Oprah Keyes, LMSW, is a Community School Coordinator at the University of Maryland-Baltimore’s School of Social Work, currently working in an elementary / middle school in West Baltimore. She is also a Clinical Instructor for MSW students engaged in field instruction. Additionally, Oprah works part time as a community based mental health therapist with children, transition aged youth, and adults in the Baltimore area. She graduated in 2014 from the UNC at Chapel Hill School of Social Work with a specialization in community, management and policy practice. Oprah met with Dr. Marie Weil, Professor Emeritus, this past summer to share her journey and experience as a macro social worker. Highlights from that conversation are shared below.
Journey to Social Work and Community Practice
Oprah shared that she is the daughter of an African-Americanfather and a Caribbean mother. While she grew up in the Netherlands, her father often talked about the U.S.Early in life, Oprah came to understand that people and communities of color suffered at the hands of racism, poverty, and other cumulative life disadvantages in the United States, as well as in the Netherlands, but particularly in the United States. This quest for improved equity led her to dream about becoming a lawyer specializing in family and youth court.
Oprah came to the states as a 17year-old and studied sociology at UNC Chapel Hill with a double minor in African and Afro-American Studies and Social-and-Economic Justice. Through the Campus Yshe had the opportunity to volunteer at the Durham County Youth Home every Saturday and facilitate psychoeducation groups with children. This experience helped her learn about the field of social work. As she got to know the children and youth she met there, she began to recognize themes in their life stories, causing her attention to shift towards addressing the policy and community issues that impacted the well-being of these young people.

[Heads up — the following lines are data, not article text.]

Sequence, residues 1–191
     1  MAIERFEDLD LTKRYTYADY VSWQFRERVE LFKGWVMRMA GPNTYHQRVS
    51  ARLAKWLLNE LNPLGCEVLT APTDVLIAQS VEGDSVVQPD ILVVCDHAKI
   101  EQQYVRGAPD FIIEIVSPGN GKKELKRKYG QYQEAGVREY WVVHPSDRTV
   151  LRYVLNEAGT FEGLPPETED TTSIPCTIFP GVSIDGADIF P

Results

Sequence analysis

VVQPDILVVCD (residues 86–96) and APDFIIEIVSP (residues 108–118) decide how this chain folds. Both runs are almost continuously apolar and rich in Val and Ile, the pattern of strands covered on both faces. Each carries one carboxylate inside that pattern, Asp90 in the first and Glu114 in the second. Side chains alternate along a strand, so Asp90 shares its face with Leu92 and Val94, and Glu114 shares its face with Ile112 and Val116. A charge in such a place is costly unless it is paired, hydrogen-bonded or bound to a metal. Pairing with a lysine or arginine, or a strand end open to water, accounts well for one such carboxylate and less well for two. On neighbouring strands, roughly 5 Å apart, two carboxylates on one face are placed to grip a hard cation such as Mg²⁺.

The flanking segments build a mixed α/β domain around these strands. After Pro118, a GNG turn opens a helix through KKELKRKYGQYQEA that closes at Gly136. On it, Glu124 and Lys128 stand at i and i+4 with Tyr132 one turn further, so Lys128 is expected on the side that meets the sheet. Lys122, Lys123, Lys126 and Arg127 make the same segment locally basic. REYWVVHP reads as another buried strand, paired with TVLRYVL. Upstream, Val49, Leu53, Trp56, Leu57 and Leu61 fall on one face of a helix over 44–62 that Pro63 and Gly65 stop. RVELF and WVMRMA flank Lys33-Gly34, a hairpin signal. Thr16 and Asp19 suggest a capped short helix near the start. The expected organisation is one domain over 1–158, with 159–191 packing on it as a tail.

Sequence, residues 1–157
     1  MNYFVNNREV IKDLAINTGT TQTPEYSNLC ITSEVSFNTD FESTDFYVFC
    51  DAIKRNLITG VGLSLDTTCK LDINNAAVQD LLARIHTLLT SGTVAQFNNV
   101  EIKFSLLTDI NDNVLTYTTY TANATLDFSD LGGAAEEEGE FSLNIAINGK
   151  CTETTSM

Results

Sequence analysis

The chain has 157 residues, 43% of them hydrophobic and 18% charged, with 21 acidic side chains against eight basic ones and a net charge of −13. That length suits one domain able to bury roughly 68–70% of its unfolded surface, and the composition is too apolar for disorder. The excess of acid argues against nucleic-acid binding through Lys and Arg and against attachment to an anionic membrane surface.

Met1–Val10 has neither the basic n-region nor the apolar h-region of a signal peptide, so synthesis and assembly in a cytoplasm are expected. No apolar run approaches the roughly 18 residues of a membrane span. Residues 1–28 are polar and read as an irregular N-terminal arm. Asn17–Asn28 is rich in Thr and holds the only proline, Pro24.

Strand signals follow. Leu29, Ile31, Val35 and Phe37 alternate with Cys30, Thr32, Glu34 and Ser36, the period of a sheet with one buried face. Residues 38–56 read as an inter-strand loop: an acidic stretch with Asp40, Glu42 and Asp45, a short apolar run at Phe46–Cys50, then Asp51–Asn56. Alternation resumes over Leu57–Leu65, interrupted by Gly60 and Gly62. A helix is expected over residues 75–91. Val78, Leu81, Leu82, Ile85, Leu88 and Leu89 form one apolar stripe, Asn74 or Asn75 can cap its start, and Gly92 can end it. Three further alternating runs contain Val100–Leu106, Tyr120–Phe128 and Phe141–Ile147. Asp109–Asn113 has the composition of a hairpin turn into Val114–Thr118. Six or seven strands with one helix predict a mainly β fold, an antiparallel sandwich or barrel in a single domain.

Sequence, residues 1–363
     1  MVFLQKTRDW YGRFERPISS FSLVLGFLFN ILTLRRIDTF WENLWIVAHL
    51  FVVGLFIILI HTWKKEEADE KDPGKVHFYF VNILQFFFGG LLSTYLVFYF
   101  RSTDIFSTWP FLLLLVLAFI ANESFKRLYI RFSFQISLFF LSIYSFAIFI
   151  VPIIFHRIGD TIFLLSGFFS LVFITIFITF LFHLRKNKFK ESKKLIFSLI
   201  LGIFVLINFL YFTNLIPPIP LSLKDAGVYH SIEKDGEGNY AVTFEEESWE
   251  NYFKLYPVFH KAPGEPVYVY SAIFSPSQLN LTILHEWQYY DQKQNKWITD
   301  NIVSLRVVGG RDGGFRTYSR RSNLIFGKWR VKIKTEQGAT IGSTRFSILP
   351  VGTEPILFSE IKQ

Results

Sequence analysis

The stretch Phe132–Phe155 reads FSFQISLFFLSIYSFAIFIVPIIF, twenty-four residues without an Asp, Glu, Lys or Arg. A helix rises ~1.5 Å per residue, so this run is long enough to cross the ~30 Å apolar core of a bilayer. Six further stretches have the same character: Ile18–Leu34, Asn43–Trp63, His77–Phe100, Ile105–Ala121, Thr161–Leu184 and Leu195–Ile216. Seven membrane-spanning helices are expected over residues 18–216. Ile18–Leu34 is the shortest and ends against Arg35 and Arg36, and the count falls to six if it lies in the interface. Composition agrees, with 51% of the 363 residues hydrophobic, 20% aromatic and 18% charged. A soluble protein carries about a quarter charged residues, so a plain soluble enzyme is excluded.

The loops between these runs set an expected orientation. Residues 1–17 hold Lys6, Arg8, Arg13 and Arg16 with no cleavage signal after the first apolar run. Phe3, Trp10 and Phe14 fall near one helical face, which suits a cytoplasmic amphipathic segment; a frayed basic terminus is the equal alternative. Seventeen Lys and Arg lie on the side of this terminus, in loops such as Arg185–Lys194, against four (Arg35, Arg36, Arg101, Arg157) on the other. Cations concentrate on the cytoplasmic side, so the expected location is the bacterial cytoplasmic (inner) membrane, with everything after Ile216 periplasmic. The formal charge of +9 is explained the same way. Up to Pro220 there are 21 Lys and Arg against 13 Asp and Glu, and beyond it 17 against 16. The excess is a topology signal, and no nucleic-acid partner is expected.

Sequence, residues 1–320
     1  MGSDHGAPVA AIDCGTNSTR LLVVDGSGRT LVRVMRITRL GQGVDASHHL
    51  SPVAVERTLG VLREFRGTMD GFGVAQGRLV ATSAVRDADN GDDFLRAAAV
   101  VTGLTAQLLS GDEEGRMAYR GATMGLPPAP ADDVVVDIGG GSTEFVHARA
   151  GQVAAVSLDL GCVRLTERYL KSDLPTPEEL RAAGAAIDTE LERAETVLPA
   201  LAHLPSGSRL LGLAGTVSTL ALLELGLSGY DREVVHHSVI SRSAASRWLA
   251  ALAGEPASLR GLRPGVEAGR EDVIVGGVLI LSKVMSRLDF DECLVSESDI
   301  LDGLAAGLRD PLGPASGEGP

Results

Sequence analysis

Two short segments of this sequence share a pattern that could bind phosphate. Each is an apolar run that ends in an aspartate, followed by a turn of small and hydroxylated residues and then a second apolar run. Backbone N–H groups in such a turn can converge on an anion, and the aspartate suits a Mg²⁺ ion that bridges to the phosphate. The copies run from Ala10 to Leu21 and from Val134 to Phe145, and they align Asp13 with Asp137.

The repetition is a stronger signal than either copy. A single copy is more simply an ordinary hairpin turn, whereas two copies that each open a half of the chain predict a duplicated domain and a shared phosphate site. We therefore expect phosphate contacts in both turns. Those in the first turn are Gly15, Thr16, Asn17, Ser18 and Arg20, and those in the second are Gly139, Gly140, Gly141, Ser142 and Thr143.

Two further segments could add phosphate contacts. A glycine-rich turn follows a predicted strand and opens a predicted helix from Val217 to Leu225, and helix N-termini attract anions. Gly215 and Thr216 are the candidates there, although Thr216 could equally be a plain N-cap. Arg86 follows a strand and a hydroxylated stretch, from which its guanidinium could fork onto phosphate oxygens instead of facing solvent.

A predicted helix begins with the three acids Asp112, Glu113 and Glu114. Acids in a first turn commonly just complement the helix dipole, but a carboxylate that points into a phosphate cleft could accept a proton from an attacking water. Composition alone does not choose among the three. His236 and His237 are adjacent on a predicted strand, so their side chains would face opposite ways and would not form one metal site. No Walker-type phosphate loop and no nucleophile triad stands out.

During her senior year, Oprah worked as an Academic Coordinator for a small non-profit called Boomerang, funded by the YMCA at the time. This opportunity was made possible due to her APPLES Service Learning Course. After graduation, she stayed on as the Academic & Administrative Coordinator until her pursuit of her MSW. The program gave kids who were suspended from school for a few days an opportunity to build resiliency. The program was essentially a strength-based model that gave children coping tools for when they returned to the classroom. These experiences made her believe that community management and policy practice would be a good fit for her in her master’s level studies.
MSW Field and Classroom Learning
Oprah discussed that her learning in the classroom was connected to her learning in field. While she learned a lot from every class, she highlighted the value of classes like Program Development and Evaluation, Grant Writing, Motivational Interviewing, and Facilitative Leadership. She was creative when it came to advocating for field placements that aligned with her interests. In her first year, after drawing from her volunteer experiences at Durham County Youth Home, she requested a field placement as a juvenile justice court counselor. Oprah remembered learning from children and youth that their relationships with their court counselor really mattered to them and that court counselor advocacy was really important, so she wanted to make a difference in that role. Her second-year field placement was at Durham County Criminal Justice Resource Center. While there, she co-facilitated classes for people returning to community, wrote grant proposals, and developed programs. Oprah also sat on the board of the Juvenile Crime Prevention Council (JCPC).During that time, she landed a second internship working with Southern Coalition for Social Justiceon the Clean Slate Expungement Program.